Are Skittles vegan or do they taste of more than the rainbow?

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The hunt for an easily sourced and tasty sweet treat could be over, for vegans who love Skittles and don’t take ingredient production methods to heart.

If you rip open a bag of Skittles and throw them back, will you be tasting the rainbow or animal-derived products? It’s a question that many have asked and we are going to give you a straightforward answer once and for all.

Regular Skittles, with no fancy flavours, gimmicky soft shells or new colours are vegan. So, where does the confusion come from?

Complicated ingredient lists

skittles veganAs with most commercially produced foods, there are a number of preservatives, additives and colourings to be wary of and without time to Google each one. Many vegans have bypassed eating Skittles, just in case. Sure, most will have tried checking the ingredients, but without knowing where colours Red 40 Lake, Red 40, Yellow 5 Lake, Yellow 5, Yellow 6 Lake, Yellow 6, Blue 2 Lake, Blue 1, Blue 1 Lake, and titanium dioxide come from, why chance it?

It’s not just bizarre-sounding colours that pique vegan interest either, as sugar, corn syrup, hydrogenated palm kernel oil and citric acid don’t exactly put a mind at ease. While none of these are animal products or even derived from animals, nor are they exactly natural and palm oil is particularly concerning. Known to be detrimental to the habitats of many animals, it is unsustainably sourced and high on the ingredient boycott list for many ethical eaters.

Is there anything healthy in Skittles?

Skittles, the fruit-flavoured commercial sweets, have never been marketed as anything other than a sugary treat. In terms of health benefits, it’s a hard no, but a cursory look at the ingredient list does show both natural and artificial flavours, colourings and an inferred inclusion of at least some real fruit juice.

This is one of those times when it’s important to remember that not everything consumed as part of a vegan diet is healthy and that animal-based products are not the only cause of dietary issues, weight gain or digestive distress.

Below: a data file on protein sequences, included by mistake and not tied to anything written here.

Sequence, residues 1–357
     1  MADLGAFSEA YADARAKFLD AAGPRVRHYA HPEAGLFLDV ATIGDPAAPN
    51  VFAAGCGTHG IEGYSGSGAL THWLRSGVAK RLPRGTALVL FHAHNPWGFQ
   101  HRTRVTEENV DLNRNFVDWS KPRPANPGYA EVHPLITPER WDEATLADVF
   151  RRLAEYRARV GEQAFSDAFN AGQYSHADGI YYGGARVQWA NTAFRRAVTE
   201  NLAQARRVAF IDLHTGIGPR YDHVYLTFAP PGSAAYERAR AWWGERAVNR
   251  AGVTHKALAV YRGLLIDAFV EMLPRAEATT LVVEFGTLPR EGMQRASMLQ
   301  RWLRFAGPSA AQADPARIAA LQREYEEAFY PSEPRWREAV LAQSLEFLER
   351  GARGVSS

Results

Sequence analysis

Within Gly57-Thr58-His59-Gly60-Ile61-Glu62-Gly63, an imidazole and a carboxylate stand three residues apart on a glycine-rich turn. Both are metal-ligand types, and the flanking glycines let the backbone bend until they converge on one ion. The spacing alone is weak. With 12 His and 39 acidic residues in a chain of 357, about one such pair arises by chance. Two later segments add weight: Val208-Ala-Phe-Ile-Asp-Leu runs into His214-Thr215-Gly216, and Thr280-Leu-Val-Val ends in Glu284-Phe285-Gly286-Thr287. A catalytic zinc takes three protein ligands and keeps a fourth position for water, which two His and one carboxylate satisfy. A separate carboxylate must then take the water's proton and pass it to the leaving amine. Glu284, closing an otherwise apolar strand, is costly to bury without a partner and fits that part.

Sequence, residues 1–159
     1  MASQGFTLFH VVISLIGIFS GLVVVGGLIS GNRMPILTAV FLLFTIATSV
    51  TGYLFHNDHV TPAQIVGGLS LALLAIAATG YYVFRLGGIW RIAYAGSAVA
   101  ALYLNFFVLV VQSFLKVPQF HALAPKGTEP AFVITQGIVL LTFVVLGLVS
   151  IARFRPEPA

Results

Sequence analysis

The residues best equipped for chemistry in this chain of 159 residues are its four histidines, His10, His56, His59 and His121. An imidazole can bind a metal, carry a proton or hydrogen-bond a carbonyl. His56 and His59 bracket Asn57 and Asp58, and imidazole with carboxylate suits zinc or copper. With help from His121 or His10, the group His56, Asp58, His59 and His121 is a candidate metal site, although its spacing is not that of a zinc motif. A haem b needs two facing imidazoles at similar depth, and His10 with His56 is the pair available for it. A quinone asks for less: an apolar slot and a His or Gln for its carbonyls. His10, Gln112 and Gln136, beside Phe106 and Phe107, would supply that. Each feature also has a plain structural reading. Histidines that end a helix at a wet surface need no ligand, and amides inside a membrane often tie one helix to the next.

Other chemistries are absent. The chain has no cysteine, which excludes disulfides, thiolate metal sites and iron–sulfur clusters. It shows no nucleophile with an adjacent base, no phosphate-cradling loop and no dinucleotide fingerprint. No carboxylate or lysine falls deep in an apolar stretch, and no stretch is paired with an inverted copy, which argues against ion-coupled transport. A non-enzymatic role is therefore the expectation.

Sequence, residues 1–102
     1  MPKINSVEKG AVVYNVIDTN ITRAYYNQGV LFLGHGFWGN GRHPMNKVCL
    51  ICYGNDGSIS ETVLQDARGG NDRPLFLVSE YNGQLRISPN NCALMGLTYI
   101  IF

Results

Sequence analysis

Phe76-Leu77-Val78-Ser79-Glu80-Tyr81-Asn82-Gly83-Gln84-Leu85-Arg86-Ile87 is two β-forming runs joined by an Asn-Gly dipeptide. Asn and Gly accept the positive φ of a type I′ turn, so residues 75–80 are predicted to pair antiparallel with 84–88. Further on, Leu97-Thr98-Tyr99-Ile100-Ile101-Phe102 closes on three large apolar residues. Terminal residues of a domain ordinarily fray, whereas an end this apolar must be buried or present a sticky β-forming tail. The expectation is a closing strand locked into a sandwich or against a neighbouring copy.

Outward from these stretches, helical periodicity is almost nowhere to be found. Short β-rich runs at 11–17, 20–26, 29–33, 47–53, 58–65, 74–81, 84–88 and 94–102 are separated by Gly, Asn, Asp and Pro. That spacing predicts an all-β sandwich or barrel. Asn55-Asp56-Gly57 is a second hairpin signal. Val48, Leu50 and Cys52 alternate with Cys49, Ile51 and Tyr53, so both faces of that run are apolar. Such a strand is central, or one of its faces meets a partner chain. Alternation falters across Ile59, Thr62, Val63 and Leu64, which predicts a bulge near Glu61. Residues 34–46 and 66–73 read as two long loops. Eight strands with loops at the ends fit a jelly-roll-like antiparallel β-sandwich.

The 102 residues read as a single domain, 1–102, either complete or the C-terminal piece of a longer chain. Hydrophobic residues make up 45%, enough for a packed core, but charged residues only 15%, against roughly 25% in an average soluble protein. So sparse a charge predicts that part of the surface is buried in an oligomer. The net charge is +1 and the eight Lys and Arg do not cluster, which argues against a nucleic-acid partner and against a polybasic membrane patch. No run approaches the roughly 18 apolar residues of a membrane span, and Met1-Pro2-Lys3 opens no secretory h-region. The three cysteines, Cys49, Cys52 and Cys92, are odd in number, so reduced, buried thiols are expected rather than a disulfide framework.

What about the limited edition releases?skittles carmine

We’ve established that the original Skittles are vegan, offer no issues of grey morality and are a sugary product suitable for vegetarians and vegans alike, but what about the weird and wonderful special releases that come out periodically?

There are no guarantees that they will follow the same production methods or use the same ingredients, so you’ll need to double-check before buying. Some confirmed vegan-friendly variations include:

Wild Berry
Sweet Heat

Previous seasonal offerings have been shown to be not vegan, so do not assume that because most are, they all are.

Have Skittles always been vegan?

No. The recipe was adapted back in 2010, to remove gelatin and five years later, carmine was replaced as well. Also known as cochineal, E120, Natural Red Lake and Crimson lake, carmine is an animal-derived food colouring, so if you have any old bags of sweets laying around, you’re going to need to check the ingredients list.

Should I be worried about the parent company?

Mars produces Skittles and has an unappealing history when it comes to animal testing — a practice it still uses whenever “appropriate”. It also manufactures a huge number of products that aren’t vegan-friendly, so if you look to extend your buying power to companies that are plant-based through and through, Skittles might not be on the menu for you anytime soon.

Are Skittles vegan? Yes. Do they come with other issues to consider before eating? Of course. Whether they prevent you from buying a bag is entirely up to you though.

Amy Buxton
Amy Buxton
Amy is a committed ethical vegan, raising a next generation compassionate human with her husband and their beloved dog, Boo. A freelance writer with a background in PR, she decided to use the COVID lockdown period to refocus her client base and has come to The Vegan Review as a senior writer and editor, before moving into her external content director role. "What we should be doing is working at the job of life itself" is Amy's mantra, courtesy of Tom from The Good Life.